2. Claims of unreliable measuring methods, publication of misinterpreted data, erroneous statistical analyses, and unqualified co-authorship were made in a research project. Scientific dishonesty could not be established but the committee underlined the importance of good routines for laboratory practice and keeping logs, and for clarifying authorship.

3. The complaint concerned a researcher's contribution to a government report. The main points of the discussion were whether the work that had been done was research or the reporting of research. The complaint was withdrawn and accordingly no final decision was taken by the committee.

4. A researcher had presented results to the general public in a press interview without prior scientific presentation according to the complainant. The committee found that the results had been presented scientifically prior to the interview and that the incident did not represent scientific dishonesty.

5. A researcher was accused of plagiarism in a textbook. The committee found that the case showed a deviation from accepted practice in terms of research ethics. The breaches were found to be blameworthy but, viewed as a whole, not sufficiently serious to be characterised as scientific dishonesty.

6. The case involved a conflict between a former research fellow and the research group represented by the research fellow's supervisor. The research fellow wanted to patent a technical invention that was part of the research group's work. The supervisor rejected this idea, but the research fellow continued to try to get a patent, partly in secret from the rest of the research group. The committee found the research fellow's actions to be dishonest.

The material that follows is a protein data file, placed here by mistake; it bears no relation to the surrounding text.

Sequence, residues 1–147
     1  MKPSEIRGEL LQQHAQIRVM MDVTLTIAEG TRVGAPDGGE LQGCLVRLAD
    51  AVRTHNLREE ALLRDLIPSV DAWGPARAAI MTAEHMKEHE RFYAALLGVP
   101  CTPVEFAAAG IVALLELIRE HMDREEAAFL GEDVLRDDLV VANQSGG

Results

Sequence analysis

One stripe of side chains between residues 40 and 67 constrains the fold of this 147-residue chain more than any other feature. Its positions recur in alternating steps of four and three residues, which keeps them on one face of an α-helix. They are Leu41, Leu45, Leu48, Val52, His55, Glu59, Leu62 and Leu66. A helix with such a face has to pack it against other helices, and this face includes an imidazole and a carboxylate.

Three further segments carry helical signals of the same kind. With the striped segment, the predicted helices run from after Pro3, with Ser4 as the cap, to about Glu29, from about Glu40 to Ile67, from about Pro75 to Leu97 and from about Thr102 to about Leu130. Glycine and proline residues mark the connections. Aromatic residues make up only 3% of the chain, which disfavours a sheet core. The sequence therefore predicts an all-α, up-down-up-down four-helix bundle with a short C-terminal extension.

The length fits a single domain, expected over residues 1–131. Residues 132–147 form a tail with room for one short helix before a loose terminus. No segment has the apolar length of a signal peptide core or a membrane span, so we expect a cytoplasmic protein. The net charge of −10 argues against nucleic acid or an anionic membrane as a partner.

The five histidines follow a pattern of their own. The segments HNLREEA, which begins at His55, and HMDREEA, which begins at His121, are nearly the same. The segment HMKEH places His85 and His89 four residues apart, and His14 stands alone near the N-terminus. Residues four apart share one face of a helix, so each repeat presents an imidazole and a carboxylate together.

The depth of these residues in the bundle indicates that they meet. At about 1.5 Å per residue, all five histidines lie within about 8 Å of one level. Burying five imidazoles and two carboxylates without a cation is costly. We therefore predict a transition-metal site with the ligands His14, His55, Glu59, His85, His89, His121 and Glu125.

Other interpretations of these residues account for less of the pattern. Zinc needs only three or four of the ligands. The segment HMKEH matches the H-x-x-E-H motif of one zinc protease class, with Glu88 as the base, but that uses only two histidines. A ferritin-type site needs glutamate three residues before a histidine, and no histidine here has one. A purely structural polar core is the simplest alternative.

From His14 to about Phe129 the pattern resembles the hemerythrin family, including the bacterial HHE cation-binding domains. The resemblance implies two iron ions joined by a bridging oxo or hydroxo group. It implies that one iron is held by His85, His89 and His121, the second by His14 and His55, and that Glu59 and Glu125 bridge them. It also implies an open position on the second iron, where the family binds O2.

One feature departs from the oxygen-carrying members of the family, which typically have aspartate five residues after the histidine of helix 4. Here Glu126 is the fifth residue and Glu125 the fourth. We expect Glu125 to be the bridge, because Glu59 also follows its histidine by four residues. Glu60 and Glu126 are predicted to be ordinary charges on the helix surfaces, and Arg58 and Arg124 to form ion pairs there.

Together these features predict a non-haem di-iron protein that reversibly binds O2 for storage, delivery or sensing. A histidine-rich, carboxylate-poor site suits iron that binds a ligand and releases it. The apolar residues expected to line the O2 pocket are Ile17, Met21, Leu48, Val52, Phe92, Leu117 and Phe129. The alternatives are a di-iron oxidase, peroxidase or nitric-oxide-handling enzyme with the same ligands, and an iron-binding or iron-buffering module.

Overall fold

7. This was a claim made by two researchers against a third colleague, who allegedly neglected to include several patients in a study in which they were registered and to report serious side effects observed in several of the patients in the same study. This case is currently under consideration.

8. This case refers to a complaint about the presentation of a preliminary report without accessible scientific documentation and of suppression of other findings.The committee concluded that there had been no withholding or distorting of data in the preliminary report, even if the analyses had been insufficiently performed. The committee criticised the researcher for not publishing the article in full until many years later, but did not find him dishonest.

9. The first author of a paper published in an international journal had included several Norwegian co-authors who had not taken part in the study and without their knowledge or consent. The committee concluded that the publication represented a serious offence against accepted norms and procedures of scientific publication and was considered scientific dishonesty.

10. A junior researcher made a complaint against a senior researcher, who did not accept the publication of an article based on data collected at the hospital where the senior was in charge. According to the senior researcher, the data were not collected in a proper way and there was no protocol for the project. This case was referred to the Danish Committee, which concluded that the senior researcher had the right to stop the publication and that the actions were not unethical.

11. A junior researcher accused a professor of claiming authorship in a scientific paper without being involved in the research. According to the complaint the junior researcher was not allowed to publish the study without including a senior who did not qualify for authorship. The case is still under investigation.